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Invited Review Article: Physics and Monte Carlo techniques as relevant to cryogenic, phonon, and ionization readout of Cryogenic Dark Matter Search radiation detectors
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10.1063/1.4747490
/content/aip/journal/rsi/83/9/10.1063/1.4747490
http://aip.metastore.ingenta.com/content/aip/journal/rsi/83/9/10.1063/1.4747490

Figures

Image of FIG. 1.
FIG. 1.

(a) A CDMS “iZIP” detector with photolithographically defined phonon sensors. The crystal is 3 in. in diameter and mounted in its copper housing. The top surface contains an outer, guard phonon sensor, and three inner phonon sensors from which an event's position estimate can be made. The opposite face (not shown) has a similar channel design, but rotated 60°. (b) Close-up view of the iZIP phonon channel and ionization channel (thin lines in between the phonon sensors). The phonon channel is held at ground and the ionization channel is held at ∼±2 V for the top (bottom) surfaces.

Image of FIG. 2.
FIG. 2.

Description of ion-electron potential interaction process which shows that for ion velocity much less than the Fermi velocity (vv f ) the number of electron states that an ion can interact with scales like v.

Image of FIG. 3.
FIG. 3.

Phase velocities in silicon. The distance from the origin represents the phase velocity speed (in m/s). The first three plots are views from the north pole. The fourth view containing all three surfaces is offset from the north pole. In the plots all modes are equally populated, which does not reflect the actual mode populations.

Image of FIG. 4.
FIG. 4.

Group velocities in silicon. Energy is focused in the direction of heavy banding and leads to the term phonon focusing. The distance from the origin represents the speed that phonon energy is carried through the crystal (in m/s). In the plots all modes are equally populated, which does not reflect the actual mode populations.

Image of FIG. 5.
FIG. 5.

Phonons isotope scatter off mass defects in the crystal. Equation (7) gives the individual phonon scatter rates. is the group velocity and is the polarization vector.

Image of FIG. 6.
FIG. 6.

Longitudinal phonons decay due to nonlinear terms in the elastic coupling constants. is the group velocity and is the polarization vector.

Image of FIG. 7.
FIG. 7.

Resultant energies in longitudinal phonon decay in germanium. The two branches LL + T and LT + T are shown; the plotted distribution is indicated in bold face in the legend.

Image of FIG. 8.
FIG. 8.

Resultant angles in longitudinal phonon decay in germanium. The two branches LL + T and LT + T are shown; the plotted distribution is indicated in bold face in the legend.

Image of FIG. 9.
FIG. 9.

Energy band structure of germanium, showing the L-valleys at ⟨111⟩, the Γ valley at ⟨000⟩, and the X-valley at ⟨100⟩. Symmetry results in 8 total L-valleys and 6 total X-valleys.

Image of FIG. 10.
FIG. 10.

Charge carrier with initial wavevector and final wavevector scattering off of lattice at angle ϕ with respect to and emitting a phonon with wavevector at angle θ with respect to , where the vector momenta sum as shown on right.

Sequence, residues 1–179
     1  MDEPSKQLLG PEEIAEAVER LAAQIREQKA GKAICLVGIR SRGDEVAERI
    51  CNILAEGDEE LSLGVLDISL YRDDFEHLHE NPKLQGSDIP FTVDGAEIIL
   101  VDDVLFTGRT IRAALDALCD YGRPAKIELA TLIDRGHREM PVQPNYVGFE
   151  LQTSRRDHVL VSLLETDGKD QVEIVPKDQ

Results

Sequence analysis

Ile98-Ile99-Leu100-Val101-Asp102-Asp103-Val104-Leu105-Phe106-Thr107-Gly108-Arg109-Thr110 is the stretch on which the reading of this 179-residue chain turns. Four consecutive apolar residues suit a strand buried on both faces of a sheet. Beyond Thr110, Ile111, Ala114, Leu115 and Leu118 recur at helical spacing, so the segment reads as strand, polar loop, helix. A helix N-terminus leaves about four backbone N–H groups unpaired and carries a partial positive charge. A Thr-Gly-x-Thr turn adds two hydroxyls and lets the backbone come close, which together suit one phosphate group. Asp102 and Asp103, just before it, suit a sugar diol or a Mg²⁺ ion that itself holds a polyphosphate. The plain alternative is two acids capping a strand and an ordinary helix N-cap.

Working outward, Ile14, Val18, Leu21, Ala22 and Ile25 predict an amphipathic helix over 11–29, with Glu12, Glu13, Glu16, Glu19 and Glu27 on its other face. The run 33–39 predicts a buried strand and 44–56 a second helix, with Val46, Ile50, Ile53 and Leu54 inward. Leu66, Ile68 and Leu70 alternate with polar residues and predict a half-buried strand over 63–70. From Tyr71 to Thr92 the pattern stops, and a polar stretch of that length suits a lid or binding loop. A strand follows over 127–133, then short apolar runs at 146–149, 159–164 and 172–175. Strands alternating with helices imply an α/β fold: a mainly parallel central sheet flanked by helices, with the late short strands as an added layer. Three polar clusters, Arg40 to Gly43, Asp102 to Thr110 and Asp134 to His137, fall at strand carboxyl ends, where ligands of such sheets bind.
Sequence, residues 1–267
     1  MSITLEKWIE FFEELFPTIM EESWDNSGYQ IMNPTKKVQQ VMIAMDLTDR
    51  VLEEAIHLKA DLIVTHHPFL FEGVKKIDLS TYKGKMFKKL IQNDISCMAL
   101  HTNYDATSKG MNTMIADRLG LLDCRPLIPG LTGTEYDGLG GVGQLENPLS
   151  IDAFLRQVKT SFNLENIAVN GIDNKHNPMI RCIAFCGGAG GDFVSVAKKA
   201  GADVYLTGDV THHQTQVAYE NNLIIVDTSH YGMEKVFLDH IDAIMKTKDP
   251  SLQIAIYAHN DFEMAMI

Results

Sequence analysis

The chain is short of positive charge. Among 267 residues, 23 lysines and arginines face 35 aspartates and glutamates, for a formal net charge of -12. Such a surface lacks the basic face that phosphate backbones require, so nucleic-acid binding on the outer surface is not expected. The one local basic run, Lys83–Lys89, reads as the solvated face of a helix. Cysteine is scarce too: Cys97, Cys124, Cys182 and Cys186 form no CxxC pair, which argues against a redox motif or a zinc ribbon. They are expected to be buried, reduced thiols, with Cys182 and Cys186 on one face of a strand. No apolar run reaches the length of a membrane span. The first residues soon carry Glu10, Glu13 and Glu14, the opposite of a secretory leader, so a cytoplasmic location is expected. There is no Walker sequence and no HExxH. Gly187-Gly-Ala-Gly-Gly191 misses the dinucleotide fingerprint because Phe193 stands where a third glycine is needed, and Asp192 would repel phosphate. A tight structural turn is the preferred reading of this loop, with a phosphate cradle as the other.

Image of FIG. 11.
FIG. 11.

Mesh node points r 1, r 2, and r 3 along with the probe point r. The areas a 1, a 2, and a 3 are identically equal to the barycentric coordinates λ1, λ2, and λ3.

Image of FIG. 12.
FIG. 12.

TES simulation flowchart.

Image of FIG. 13.
FIG. 13.

TES resistor interconnects as modeled using a finite element approximation.

Image of FIG. 14.
FIG. 14.

Surface and contour plots of R = R(T, I), , and for a high-Tc, inner iZIP channel. The colors in the surface plot indicate the value of resistance, alpha, and beta with blue representing 0 and red the highest value in the figure. The contour plots show the same information but over a limited current and temperature region. The black dot indicates a nominal bias region, which will affect noise and pulse shape after a radiation interaction in the detector. The gradient in resistance and temperature is generally along the temperature direction, whereas for β it is in a mixed −T + I direction.

Image of FIG. 15.
FIG. 15.

TES simulation biasing circuitry. Modeling reflects the biasing circuitry.

Tables

Generic image for table
Table I.

Numerical constants for phonon simulations.

Generic image for table
Table II.

Physical constants for Si and Ge crystals. The isotropic hole effective mass m h , and the anisotropic electron effective masses m and m are ∥ and ⊥, respectively, to the conduction valley axes, and conductivity effective mass 3/m c = 1/m + 2/m . The incident energy per final electron-hole pair is ε eh , v L the speed of sound, and l 0 = πℏ4ρ/(2m 3Ξ2) is the characteristic range for carrier scattering where Ξ1 (from Ref. 43) or Ξ fit (fit to data50) is the deformation potential.

Generic image for table
Table III.

Physical constants for tungsten TES and aluminum fin simulation, from Ref. 57.

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/content/aip/journal/rsi/83/9/10.1063/1.4747490
2012-09-20
2014-04-23
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752b84549af89a08dbdd7fdb8b9568b5 journal.articlezxybnytfddd
Scitation: Invited Review Article: Physics and Monte Carlo techniques as relevant to cryogenic, phonon, and ionization readout of Cryogenic Dark Matter Search radiation detectors
http://aip.metastore.ingenta.com/content/aip/journal/rsi/83/9/10.1063/1.4747490
10.1063/1.4747490
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